The growth of political spending by outside groups reflects the demise of a campaign finance system that was designed during an era when candidates largely controlled their electoral destinies. The original 1974 law assumed a candidate-centered framework in which political parties mattered less as sources of electoral support. Since the 1980s, partisan polarization and intense competition for control of government has pushed the candidate-centered framework to its limits. Partisans have strong incentives to organize collectively through party organizations and party allied groups to maximize opportunities for taking control government. The campaign finance system, however, is unsuited to the emergent party system because of its unwieldy restrictions on political parties and excessively low contribution limits, which have declined in value due to inflation. The current system induces a highly inefficient redistribution of regulated funds from incumbent officeholders to parties, and the escalating use of unrestricted funds by Super PACs and other weakly transparent campaign groups, which have strong legal protections in the wake of judicial decisions such as Citizens United v. Federal Election Commission.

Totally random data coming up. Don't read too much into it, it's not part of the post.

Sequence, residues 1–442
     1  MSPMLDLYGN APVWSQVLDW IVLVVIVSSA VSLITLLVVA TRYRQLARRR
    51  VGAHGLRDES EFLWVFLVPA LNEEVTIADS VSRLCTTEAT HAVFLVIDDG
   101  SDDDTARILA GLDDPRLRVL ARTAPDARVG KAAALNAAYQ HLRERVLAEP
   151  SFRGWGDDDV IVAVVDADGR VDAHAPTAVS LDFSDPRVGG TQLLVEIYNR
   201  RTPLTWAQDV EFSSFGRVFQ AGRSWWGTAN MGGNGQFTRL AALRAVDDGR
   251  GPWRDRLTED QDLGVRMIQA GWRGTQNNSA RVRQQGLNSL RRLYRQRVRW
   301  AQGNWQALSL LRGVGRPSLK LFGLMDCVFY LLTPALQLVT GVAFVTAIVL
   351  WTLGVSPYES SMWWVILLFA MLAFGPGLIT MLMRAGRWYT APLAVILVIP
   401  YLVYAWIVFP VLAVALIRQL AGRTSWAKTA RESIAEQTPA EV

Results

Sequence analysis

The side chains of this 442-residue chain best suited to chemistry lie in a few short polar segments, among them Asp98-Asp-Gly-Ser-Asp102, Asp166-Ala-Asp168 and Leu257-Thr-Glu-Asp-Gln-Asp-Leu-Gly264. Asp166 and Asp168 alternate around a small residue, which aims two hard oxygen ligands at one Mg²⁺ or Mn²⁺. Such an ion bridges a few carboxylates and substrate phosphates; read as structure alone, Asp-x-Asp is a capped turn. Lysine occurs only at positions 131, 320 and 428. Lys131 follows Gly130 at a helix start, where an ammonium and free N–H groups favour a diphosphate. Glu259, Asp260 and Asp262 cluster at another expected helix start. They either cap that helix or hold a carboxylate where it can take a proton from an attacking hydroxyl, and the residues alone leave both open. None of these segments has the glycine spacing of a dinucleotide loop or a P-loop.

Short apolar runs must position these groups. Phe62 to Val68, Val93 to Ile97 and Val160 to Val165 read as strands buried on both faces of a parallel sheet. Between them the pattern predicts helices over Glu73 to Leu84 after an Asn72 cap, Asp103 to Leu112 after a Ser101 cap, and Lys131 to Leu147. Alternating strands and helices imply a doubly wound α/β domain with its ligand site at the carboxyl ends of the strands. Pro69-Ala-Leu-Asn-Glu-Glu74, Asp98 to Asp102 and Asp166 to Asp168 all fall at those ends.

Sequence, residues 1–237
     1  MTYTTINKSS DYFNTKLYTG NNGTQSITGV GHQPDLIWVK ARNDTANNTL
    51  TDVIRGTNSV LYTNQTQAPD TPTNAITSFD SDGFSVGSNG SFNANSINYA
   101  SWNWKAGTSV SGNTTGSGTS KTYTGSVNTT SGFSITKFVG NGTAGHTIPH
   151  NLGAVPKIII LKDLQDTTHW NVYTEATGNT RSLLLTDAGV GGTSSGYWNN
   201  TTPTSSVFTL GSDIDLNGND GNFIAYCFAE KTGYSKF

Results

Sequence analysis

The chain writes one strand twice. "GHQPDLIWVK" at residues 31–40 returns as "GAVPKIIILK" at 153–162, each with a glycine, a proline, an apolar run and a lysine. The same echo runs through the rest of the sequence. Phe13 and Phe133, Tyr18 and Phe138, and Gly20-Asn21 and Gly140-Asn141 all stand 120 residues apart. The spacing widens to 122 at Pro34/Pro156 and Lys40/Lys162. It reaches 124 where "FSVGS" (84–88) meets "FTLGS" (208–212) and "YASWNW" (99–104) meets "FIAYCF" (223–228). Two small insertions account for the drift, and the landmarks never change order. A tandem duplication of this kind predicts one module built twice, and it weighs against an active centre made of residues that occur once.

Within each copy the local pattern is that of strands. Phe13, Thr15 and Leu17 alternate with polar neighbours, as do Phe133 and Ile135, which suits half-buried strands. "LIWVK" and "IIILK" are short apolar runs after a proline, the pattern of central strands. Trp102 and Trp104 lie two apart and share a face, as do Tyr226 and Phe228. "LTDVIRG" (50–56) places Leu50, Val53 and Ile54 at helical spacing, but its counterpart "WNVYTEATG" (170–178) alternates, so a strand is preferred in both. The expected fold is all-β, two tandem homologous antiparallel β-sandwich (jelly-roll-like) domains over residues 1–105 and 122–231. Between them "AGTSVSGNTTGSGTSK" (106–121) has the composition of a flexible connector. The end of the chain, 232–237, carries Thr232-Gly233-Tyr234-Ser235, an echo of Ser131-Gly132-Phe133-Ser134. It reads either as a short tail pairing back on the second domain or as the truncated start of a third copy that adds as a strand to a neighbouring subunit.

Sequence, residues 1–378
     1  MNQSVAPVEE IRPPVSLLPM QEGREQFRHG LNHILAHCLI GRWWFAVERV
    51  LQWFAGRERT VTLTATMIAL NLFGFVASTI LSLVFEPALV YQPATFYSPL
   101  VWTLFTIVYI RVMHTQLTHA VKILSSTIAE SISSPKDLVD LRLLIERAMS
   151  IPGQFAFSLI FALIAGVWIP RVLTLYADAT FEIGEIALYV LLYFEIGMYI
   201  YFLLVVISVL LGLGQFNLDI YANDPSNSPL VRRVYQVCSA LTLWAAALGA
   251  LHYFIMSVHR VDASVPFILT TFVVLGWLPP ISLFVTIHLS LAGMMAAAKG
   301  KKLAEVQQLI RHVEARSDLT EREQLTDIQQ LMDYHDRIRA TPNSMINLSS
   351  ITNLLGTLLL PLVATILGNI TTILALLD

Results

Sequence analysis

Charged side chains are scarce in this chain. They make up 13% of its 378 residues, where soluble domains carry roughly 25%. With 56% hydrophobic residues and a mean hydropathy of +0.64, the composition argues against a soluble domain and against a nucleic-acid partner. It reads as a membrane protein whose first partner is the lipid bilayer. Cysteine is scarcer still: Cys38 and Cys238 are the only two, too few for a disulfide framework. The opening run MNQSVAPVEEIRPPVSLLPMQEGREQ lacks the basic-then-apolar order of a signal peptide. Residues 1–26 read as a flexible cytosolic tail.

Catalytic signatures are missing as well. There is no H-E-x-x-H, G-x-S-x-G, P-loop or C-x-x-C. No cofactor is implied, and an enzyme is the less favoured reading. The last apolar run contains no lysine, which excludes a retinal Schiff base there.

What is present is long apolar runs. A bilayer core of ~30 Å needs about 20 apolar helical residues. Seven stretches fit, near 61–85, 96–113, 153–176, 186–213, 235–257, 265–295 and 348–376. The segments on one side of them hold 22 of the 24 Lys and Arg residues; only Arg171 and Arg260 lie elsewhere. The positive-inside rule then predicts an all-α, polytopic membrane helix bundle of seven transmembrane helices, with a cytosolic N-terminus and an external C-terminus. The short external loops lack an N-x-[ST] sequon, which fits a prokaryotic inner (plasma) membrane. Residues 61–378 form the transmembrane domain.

About the author
Raymond J. La Raja is an Associate Professor in Political Science at the University of Massachusetts, Amherst, and co-editor of The Forum. He is the author of Small Change: Money, Political Parties and Campaign Finance Reform (University of Michigan Press, 2008), and a forthcoming book, Do Campaign Finance Laws Matter? Money and Politics in the American States (University of Michigan Press, 2013), and an edited volume, New Directions in American Politics (Routledge, 2013). He serves on the Academic Advisory Board of the Campaign Finance Institute in Washington, DC. He wishes to thank Jesse Rhodes and Maryann Barakso for helpful comments for this article.
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